The initial investigation in an insurance claim sets the foundation for later subrogation of said claim. There is no such thing as collecting too much information on an incident, as there is no such thing as gathering too much support for your argument for subrogation recovery. 

Robust investigations are a hallmark of Rathbone Group’s subrogation services. In this episode of On Subrogation: Pre-Suit Investigations, RG partner and subrogation attorney Jason Sullivan offers 3 tip for optimizing your pre-suit investigations and setting the stage for a solid subrogation case that results in maximum recovery.

1. Ask Any Relevant Parties for Information

It’s simple, says Jason: just ask. When politely approached, people are likely to provide any requested information. It is very probable that if you ask the right questions in the right way, people will come forward with helpful information. Speak to anyone who may be relevant to the incident of loss, such as:

  • The damaged party
  • Witnesses and bystanders
  • Neighbors/occupants in neighboring buildings

Consider the fact that everyone has camera and video at-hand on their smartphones. There are a number of ways people may contribute information to your pre-suit investigation. Even a simple case of the background of someone’s selfie can reveal information such as the position of a car moments before an accident occurred.

2. Ask the Government via FOIA

If your subrogation inquiry could benefit from government-compiled reports, just ask the government. Under FOIA (Freedom of Information Act), if a private entity requests information from the government on previous investigations, they are compelled to hand that information over. Consider things like an initial police report from a motor vehicle incident or an investigative report from a fire.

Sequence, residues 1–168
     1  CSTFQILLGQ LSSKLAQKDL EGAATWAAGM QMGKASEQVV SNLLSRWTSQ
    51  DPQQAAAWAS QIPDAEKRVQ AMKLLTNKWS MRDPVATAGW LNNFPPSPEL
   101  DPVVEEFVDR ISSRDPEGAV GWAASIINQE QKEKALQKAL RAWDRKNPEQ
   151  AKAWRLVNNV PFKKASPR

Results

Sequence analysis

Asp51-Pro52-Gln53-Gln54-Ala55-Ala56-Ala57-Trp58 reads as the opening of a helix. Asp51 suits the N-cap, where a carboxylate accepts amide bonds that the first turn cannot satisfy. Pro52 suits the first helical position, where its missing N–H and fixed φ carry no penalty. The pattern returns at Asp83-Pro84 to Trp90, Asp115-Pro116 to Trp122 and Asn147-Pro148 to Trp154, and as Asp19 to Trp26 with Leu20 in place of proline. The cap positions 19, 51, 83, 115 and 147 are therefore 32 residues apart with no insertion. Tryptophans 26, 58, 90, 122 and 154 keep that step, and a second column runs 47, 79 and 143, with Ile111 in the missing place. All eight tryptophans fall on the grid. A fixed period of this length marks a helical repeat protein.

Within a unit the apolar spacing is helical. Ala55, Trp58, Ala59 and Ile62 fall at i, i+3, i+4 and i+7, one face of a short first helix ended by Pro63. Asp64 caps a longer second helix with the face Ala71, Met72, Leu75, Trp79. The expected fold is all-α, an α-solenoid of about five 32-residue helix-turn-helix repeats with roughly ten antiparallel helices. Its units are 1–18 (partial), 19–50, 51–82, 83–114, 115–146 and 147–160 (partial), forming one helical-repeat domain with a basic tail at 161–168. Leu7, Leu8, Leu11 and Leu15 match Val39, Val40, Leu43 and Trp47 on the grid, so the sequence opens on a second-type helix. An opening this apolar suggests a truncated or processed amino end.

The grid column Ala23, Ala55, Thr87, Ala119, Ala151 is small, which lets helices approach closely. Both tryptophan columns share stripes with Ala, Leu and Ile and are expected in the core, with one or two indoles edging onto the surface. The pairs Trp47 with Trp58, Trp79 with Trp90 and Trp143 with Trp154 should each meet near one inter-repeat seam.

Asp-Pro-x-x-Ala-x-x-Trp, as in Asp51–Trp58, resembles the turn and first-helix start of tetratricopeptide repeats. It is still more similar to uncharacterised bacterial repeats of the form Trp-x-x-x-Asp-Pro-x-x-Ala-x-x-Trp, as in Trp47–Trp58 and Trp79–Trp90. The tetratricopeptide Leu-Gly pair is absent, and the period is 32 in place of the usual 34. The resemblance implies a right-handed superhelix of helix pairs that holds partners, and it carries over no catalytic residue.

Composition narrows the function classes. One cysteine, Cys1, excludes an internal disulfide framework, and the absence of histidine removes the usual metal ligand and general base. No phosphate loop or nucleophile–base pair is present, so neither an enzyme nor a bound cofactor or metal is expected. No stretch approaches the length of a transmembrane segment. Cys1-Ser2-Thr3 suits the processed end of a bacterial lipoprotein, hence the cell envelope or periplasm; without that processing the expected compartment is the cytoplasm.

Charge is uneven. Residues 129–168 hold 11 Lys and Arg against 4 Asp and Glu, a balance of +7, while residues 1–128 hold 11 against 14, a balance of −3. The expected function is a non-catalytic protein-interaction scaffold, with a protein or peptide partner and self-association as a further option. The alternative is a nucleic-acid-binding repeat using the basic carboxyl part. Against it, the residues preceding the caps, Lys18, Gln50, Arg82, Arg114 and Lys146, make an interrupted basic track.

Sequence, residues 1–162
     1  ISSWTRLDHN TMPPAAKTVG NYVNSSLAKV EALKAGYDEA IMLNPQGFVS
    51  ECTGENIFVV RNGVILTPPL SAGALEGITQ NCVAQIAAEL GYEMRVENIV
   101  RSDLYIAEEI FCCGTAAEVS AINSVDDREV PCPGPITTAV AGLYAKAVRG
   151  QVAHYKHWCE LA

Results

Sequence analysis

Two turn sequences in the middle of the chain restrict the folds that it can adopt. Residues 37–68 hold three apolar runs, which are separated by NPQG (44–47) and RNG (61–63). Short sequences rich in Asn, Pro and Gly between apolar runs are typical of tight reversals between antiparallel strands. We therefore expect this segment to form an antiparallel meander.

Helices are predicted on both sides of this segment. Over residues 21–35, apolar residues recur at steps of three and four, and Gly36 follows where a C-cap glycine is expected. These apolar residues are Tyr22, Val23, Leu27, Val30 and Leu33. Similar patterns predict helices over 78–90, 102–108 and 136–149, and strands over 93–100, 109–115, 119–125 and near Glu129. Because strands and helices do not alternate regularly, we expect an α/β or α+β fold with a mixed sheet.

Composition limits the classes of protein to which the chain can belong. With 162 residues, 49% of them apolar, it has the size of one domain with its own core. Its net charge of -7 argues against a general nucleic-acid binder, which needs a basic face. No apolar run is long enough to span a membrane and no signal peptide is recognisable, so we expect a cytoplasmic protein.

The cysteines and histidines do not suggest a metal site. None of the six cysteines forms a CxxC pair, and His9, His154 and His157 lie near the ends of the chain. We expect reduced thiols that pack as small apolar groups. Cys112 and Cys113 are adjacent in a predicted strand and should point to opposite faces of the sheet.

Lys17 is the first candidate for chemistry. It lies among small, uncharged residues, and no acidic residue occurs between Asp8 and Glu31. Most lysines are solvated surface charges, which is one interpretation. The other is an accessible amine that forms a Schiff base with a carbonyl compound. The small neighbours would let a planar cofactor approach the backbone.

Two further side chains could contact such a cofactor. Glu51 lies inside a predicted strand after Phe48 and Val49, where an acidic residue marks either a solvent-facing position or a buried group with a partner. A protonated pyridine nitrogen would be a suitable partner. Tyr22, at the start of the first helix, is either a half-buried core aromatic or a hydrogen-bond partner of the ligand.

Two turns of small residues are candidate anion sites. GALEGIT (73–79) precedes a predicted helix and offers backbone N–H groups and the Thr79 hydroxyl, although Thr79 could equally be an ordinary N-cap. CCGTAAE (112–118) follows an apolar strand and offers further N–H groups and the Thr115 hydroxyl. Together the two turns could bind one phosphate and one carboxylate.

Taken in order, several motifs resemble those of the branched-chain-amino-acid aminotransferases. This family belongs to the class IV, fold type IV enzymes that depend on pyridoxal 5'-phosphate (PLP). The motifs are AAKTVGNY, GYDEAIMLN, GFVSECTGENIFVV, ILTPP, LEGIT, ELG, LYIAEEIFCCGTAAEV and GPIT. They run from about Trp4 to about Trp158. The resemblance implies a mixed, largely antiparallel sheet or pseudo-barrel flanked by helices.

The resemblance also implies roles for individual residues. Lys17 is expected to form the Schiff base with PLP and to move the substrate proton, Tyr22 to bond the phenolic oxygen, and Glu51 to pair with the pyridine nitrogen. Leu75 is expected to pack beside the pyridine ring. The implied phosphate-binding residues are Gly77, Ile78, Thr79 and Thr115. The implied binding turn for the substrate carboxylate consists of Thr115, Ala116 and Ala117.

While the government is required to respond and comply with any FOIA/FOIA-like requests, keep two things in mind:

  1. If your request deals with an ongoing investigation, your request may be rejected if the government feels releasing the information would compromise their investigation.
  2. While the government is required to respond within a certain amount of time, there is often no requirement for length of time to turn over the records. In other words, you may have to be aggressive (but still polite!) in ensuring the records are handed over in a timely fashion.

FOIA requests often do not require any specific forms; you can send a letter with a specific request, and the government is required to respond and comply.

3. Compel Answers from Uncooperative Parties

A less common but still viable avenue to collecting information during the investigation phase of a subrogation claim is to request pre-suit discovery. Pre-suit discovery can be useful if you are having trouble identifying all liable parties or do not have enough information to fully draft a complaint.

Pre-suit discovery is allowed under Rule 27 of the Federal Rules of Civil Procedure. However, this rule limits use of pre-suit discovery to compel and preserve testimony, and should not be used to fish for information – that will come later during in-suit discovery. Rule 27 is to be used if you know the parties or relevant information exists and want to create a record and preserve evidence/testimony.

As with the vast majority of insurance law, especially in subrogated matters, states deal with this rule differently. Jason offers the example of Texas, which has its own pre-suit discovery statute specifically for identifying all claims and unknown parties.

Pre-suit discovery can compel parties who are otherwise uninvolved in the subrogated claim to turn over evidence. For instance, a shop owner with a surveillance cam or a homeowner with a doorbell cam; if they will not voluntarily hand over footage from the relevant time period, they may be able to be compelled under Federal Rule 27.

Making the Most of Your Pre-Suit Subrogation Investigation

In summary, shoring up the inquiry phase of a subrogation claim is vital to building a solid case, and an integral component to your approach should be diligence. While we want to start out as personally and casually as possible when interviewing witnesses and requesting information, we need to ensure we exhaust all avenues for our clients.If you would like to learn more about this and other important subjects in insurance law, subrogation strategy, and other relevant legal topics, visit Rathbone Group’s YouTube channel and podcast library for more episodes of On Subrogation. Can’t find what you’re looking for? Email us at [email protected] or [email protected] to see your question discussed in a future episode.